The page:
Two manifest functions of family are aiding children in accomplishing developmental milestones and shaping their values. A common childhood memory many people share is the first time they learn to ride a bike. It’s a simple way for adults and children alike to exercise and enjoy time outdoors. A social benefit of bike lanes is that they promote active transportation yielding a healthier lifestyle. According to Hilary Angus, writer and managing editor of Momentum Magazine, “By bumping up the production of endorphins, physical activity relieves tension, elevates mood, and helps to stabilize sleep patterns disrupted by stress” (Angus, 2016). Making short trips by bike fulfills daily exercise and lowers the odds of obesity, both of which are manifest outcomes of bike lanes. A latent outcome is that bike lanes provide a buffer between pedestrians and cyclists on the sidewalk keeping both parties safe. On the other hand, positive feelings towards the car emerge when teenagers view earning their driver’s license as a rite of passage into being a self-sufficient adult. As they mature, a bike is considered a children’s toy. Because the belief in climate change is a social “illness,” preserving the environment and staying active are new family values being instilled into younger generations. As new family values are introduced, driver’s education must make course accommodations.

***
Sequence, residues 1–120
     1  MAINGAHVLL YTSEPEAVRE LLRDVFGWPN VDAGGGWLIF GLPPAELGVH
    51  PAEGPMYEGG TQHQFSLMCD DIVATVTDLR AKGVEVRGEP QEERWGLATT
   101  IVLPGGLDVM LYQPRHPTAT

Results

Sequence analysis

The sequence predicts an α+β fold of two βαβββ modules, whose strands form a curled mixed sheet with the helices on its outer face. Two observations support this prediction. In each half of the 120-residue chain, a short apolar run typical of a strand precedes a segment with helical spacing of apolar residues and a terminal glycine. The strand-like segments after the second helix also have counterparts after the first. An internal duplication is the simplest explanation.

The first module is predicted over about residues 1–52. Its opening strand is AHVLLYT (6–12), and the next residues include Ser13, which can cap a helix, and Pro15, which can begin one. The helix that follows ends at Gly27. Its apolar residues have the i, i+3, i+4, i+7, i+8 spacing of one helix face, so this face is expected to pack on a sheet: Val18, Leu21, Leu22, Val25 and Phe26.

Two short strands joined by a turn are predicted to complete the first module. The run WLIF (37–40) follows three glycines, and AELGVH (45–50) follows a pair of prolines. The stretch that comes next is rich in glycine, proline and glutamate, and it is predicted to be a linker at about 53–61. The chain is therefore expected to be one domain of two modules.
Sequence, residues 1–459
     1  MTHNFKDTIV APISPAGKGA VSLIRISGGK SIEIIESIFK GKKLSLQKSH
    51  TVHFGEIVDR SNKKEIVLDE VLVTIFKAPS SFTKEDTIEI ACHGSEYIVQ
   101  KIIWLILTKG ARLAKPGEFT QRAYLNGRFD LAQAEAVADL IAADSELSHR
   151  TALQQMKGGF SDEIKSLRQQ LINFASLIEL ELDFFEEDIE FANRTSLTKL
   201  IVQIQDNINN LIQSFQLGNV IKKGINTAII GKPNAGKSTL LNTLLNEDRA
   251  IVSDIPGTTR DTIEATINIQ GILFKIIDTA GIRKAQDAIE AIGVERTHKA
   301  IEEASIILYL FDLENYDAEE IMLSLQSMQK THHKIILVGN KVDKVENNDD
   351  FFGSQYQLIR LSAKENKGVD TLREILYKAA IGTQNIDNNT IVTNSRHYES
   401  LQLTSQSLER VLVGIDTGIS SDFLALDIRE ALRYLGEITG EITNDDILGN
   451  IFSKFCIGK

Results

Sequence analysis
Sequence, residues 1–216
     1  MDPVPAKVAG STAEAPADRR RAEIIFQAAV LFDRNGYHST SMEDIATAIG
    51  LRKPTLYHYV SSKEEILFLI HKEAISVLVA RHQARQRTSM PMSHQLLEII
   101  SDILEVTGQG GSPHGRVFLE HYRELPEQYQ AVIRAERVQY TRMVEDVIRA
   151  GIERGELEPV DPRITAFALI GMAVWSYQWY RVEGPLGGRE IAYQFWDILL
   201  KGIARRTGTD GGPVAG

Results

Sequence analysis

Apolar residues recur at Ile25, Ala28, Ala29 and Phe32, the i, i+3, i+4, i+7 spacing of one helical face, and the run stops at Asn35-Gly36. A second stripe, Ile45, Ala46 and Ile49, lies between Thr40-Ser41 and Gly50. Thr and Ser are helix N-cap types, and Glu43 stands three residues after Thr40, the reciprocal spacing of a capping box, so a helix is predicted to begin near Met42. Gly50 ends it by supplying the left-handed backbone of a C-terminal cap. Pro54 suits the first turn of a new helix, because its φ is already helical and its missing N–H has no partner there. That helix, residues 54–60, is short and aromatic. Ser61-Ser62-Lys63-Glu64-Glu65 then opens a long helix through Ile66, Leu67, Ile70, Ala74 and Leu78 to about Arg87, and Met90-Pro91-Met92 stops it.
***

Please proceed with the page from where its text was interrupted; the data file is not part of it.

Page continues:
The manifest purpose of driver’s education is to learn good driving etiquette and safety to keep everyone alert and safe on the roads (Hopkins, 2012). Without bike lanes, a social cost for drivers is the unpredictability of cyclists, which may cause conflict, uncertainty, distress, or potential danger for them (Dalhof, 2015). A latent outcome of bike lanes is driver’s education programs spending more time emphasizing the importance of distraction-free driving. An additional latent outcome is offering bike education classes to inform cyclists about Minnesota bicycle laws. With these educational changes, the government must also adapt to change.